Insurgent Producer Todd Lieberman on Getting a Big Film Done Quick
Insurgent stormed into theaters last Friday, the second film adaptation of Vernoica Roth’s “Divergent” novels, starring Shailene Woodley as the resourceful, courageous Tris. Set in a dystopian future Chicago obliterated by war, the people are separated into personality-based factions and ruled by the increasingly iron fist of Jeanine (Kate Winslet). Tris, as the first film in the series was titled, is a "Divergent," meaning she's a little bit country and a little bit rock-n-roll and doesn't comfortably fit into any one faction. This makes her, and those like her, enemies of the state. Divergent ended with Tris and her fellow black sheep escaping into the ruins of Chicago, pursued by Jeanine and her henchmen.
Insurgent, released a mere year later, concerns Tris's capture and her subjugation to a series of "Sims" by Jeanine (where Tris is suspended by these creepy/cool cables, as seen in the photo above)—simulated but still deathly adventures that Jeanine hopes will help her unlock a mysterious box that will save her crumbling empire. These simulated sequences are breathtaking, the action in Insurgent is greatly enhanced from the original, but Woodley still carries the whole thing off with her native warmth and charm. What we wanted to know was how did they crank out Insurgent so quickly?Executive producer Todd Lieberman spoke to us about putting the film together in a small amount of time, what he and his producing partners actually did on this film, and some advice for those looking to get into the business.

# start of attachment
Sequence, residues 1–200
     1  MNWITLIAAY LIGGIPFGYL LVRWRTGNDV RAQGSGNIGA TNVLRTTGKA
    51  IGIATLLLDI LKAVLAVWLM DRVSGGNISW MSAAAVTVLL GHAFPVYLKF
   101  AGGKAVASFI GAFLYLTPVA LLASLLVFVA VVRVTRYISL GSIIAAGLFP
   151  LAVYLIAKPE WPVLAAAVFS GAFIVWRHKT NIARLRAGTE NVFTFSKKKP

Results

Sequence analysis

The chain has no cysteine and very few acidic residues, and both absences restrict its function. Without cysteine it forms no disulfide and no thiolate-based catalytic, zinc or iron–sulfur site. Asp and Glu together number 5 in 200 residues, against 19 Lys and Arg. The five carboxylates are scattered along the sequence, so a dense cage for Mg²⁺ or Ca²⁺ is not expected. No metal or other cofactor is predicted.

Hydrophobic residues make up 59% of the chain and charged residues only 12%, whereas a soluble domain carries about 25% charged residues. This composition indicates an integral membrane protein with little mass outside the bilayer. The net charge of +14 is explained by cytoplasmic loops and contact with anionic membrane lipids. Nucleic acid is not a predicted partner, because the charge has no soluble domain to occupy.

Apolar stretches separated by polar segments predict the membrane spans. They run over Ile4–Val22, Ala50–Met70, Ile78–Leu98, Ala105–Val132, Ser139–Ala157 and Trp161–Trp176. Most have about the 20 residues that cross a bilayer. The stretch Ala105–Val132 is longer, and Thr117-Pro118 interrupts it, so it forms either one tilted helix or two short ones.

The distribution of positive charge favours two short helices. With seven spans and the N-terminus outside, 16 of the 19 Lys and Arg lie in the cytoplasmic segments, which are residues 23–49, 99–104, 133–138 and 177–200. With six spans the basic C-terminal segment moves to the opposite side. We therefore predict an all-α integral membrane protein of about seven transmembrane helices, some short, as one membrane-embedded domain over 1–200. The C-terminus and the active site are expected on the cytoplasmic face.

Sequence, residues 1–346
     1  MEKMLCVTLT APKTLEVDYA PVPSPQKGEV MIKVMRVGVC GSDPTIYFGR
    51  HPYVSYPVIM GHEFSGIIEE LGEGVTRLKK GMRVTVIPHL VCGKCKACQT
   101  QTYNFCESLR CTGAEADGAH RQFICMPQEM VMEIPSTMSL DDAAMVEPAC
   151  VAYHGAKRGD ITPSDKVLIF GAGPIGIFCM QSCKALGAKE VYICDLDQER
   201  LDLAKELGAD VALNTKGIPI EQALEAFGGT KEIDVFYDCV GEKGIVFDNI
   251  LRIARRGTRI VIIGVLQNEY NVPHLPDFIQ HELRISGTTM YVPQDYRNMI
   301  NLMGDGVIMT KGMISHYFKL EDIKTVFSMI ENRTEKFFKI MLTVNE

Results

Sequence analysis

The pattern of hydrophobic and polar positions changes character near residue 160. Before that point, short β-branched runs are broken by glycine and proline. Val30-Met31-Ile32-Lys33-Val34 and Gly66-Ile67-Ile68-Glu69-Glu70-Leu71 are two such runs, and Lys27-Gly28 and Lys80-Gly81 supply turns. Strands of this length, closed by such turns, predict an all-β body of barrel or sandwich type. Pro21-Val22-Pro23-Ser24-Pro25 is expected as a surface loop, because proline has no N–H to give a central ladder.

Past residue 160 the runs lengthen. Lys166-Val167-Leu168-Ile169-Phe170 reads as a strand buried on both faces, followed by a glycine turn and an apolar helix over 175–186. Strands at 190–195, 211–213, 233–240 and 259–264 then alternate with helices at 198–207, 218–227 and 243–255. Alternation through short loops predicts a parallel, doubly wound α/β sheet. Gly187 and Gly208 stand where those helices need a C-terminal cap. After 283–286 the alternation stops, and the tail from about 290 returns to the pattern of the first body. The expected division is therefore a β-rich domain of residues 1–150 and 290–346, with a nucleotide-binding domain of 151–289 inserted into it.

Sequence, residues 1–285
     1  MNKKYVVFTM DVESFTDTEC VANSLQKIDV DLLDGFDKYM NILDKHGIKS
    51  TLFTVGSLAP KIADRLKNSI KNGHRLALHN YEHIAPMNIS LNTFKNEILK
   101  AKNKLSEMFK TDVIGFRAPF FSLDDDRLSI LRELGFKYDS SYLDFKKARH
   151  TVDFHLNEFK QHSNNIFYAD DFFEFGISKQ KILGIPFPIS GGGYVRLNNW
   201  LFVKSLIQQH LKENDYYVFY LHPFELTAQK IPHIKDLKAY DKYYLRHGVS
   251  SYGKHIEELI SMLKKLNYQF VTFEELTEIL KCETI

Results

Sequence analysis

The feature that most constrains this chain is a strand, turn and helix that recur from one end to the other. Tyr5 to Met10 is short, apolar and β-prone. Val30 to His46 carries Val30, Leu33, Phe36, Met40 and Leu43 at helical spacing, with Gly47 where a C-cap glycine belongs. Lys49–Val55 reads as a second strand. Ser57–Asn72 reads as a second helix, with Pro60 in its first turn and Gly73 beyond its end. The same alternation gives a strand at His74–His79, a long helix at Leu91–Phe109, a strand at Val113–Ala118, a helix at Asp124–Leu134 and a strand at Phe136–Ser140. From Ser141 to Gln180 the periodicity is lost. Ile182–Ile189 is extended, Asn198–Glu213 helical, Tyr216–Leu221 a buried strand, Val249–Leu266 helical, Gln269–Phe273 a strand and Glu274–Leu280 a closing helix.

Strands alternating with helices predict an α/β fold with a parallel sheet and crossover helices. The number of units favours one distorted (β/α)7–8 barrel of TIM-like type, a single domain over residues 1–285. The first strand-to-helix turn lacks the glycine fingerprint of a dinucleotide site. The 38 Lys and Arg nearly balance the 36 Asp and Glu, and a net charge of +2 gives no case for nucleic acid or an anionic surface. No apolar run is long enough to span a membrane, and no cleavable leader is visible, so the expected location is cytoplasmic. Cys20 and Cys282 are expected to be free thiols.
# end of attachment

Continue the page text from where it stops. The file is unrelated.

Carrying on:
What were the particular challenges you faced with the second installment?
The challenge with any franchise, and certainly coming off the extraordinary popularity of the books, is that the first movie has to introduce everybody to the characters, and for all the fans of the book, you’re meeting all these people you’d already envisioned in your mind. So you have to get that right, while also, for the people who don't know the world, you’ve got to establish who all of these people are, what this faction thing means, and just nail all of that detail. With Insurgent, all this legwork had been done and we got to blow it out a little bit. Hopefully with the same level of emotional complexity and intra-personal dynamics and complicated characterizations, but a lot more action.
There’s not only more action, but it’s more complex visually. Tell me about the use of CGI this tiem around.